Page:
People of ACM - Sebastian Deterding
November 3, 2022
How did you initially become interested in game design?
I grew up in Germany, which has a strong board gaming culture. Like many other families, we would get and play the annually awarded “Spiel des Jahres” (Game of the Year) every Christmas, which turns out to be a surprisingly good hidden curriculum of game design. As James Wallis puts it in the subtitle of Everybody Wins, a review of all past Game of the Year-winning titles, it’s “Four Decades of the Greatest Board Games Ever Made.”
Probably my biggest influence, though, was playing and game-mastering tabletop role-playing games in my teens. Because all their rules and scenarios are written out in front of you (instead of blackboxed in some compiled software) and yet so underspecified for what happens on the table, tabletop role-playing games practically require you to be an improv level designer, rule designer, narrative designer, etc. The barriers to entry for fan work were very low then—I got my start publishing in fanzines and commercial gaming magazines.
You have written extensively on gamification—incorporating game design elements in non-game contexts, such as Duolingo using experience points to teach people new languages. How are recent advances in AI shaping gamification?
Research and development tend to follow “what technology wants.” That is, whatever solution space is most readily afforded by it. So, for gamification and AI, the main expectable thrust has been data-driven personalization, regardless of how needed or effective such work is.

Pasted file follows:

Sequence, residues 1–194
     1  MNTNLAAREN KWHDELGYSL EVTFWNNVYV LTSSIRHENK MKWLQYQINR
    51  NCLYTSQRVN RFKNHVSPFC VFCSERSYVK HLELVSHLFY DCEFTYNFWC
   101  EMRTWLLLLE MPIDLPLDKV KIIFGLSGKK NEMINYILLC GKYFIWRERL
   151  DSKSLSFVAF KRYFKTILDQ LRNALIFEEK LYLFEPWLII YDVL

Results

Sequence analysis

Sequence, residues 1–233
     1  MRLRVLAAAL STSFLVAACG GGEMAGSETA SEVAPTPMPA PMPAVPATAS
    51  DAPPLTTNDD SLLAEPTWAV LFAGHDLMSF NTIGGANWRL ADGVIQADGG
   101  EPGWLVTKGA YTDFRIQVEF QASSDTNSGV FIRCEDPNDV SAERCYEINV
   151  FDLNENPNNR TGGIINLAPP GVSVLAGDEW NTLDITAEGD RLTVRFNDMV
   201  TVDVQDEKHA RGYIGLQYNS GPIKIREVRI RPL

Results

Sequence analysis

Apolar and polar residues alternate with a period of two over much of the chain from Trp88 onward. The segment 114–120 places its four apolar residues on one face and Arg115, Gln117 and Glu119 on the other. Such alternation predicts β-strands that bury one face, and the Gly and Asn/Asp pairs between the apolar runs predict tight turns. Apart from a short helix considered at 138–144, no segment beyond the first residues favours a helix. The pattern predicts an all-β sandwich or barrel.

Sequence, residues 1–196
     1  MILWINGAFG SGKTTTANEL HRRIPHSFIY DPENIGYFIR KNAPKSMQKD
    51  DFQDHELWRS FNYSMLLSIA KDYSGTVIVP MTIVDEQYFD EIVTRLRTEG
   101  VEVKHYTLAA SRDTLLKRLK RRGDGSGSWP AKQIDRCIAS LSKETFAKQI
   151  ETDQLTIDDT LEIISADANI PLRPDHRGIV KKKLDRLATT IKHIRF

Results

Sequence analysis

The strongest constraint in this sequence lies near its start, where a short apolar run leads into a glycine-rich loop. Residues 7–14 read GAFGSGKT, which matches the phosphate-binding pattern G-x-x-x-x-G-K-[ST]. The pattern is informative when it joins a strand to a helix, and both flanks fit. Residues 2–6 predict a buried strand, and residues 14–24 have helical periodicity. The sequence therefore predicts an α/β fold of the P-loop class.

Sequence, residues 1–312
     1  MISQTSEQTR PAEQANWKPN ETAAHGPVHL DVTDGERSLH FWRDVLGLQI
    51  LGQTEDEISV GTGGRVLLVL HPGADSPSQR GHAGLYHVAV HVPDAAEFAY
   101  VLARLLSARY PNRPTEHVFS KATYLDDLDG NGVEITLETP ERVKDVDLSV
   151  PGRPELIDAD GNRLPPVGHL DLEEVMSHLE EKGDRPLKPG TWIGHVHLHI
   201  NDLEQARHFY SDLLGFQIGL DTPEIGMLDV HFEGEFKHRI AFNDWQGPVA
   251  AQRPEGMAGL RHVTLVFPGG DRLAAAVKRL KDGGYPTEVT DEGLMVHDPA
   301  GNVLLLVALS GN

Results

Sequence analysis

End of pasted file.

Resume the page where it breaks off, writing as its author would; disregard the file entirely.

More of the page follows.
I see two less explored but possibly more fruitful opportunity areas. One area includes metaphors, materializations, and interaction patterns for artificial agents. In all the current talk about hybrid or augmented intelligence, human-AI interaction, collaboration, or collectives, people often overlook that in games, players have been collaborating with artificial agents for decades—only we call them “non-player characters” or NPCs. Tapping game design’s rich experience in creating useful, usable, and desirable AI agents is one interesting intersection of AI and gamification (a shoutout here to Project Malmo).
The other area centers around experience-driven procedural content generation, using AI algorithms to generate (or adapt) game levels and other content that is not just functional, but delivers on some desired user experience. This can be data or model-driven, e.g., computationally implementing some theory of motivation or aesthetics. This already happens in games today, which have a leg up here on other creative domains, but I think there are broader transferable lessons from games for other domains like task allocation in productivity or any form of experience-driven computational interaction.
What role do you think ACM Games: Research and Practice can fill in the field that is currently not being served?
We think games research today has a missing middle. On the one hand, academic games research has won a kind of Pyrrhic victory. Games gained legitimacy as a research topic, so work is exploding in volume across venues. But it’s also fragmenting and being absorbed into the concerns and agendas of specializations such as computer graphics, AI, design, media psychology, creative writing, etc. There are few truly interdisciplinary venues for work that seeks to synthesize the state of the art on games—not graphics or narrative or AI. With a broad scope and editorial board, as well as flexible formats that include reviews and tutorials, we want to create an integrative reference point—think Computing Surveys, but for games and playable media, and not bound to one discipline.